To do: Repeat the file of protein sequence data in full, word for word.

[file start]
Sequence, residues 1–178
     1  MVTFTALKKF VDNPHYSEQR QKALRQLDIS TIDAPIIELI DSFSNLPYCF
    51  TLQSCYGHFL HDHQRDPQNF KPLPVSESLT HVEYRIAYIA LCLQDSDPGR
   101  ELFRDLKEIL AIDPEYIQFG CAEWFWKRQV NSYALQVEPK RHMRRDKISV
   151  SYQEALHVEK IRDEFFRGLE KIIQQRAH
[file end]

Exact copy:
Sequence, residues 1–178
     1  MVTFTALKKF VDNPHYSEQR QKALRQLDIS TIDAPIIELI DSFSNLPYCF
    51  TLQSCYGHFL HDHQRDPQNF KPLPVSESLT HVEYRIAYIA LCLQDSDPGR
   101  ELFRDLKEIL AIDPEYIQFG CAEWFWKRQV NSYALQVEPK RHMRRDKISV
   151  SYQEALHVEK IRDEFFRGLE KIIQQRAH